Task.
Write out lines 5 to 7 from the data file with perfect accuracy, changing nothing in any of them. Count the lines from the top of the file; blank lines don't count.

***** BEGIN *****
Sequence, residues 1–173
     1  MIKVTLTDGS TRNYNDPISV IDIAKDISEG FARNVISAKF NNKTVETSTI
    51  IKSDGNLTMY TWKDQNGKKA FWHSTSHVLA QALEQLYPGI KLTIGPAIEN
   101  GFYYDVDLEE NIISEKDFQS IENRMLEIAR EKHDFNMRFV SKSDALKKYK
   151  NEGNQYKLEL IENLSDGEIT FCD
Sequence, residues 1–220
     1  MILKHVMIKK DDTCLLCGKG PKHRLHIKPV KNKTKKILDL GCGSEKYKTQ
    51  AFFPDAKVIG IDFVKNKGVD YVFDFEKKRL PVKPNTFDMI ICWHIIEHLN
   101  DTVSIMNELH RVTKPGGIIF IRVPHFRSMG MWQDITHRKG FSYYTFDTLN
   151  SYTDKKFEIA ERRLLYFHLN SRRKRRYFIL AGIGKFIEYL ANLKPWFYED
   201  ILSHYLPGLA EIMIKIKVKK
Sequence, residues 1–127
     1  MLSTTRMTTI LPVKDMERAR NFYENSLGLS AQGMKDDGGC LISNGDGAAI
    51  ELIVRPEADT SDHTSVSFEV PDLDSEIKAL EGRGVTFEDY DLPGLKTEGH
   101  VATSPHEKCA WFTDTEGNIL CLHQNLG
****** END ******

   151  NEGNQYKLEL IENLSDGEIT FCD
Sequence, residues 1–220
     1  MILKHVMIKK DDTCLLCGKG PKHRLHIKPV KNKTKKILDL GCGSEKYKTQ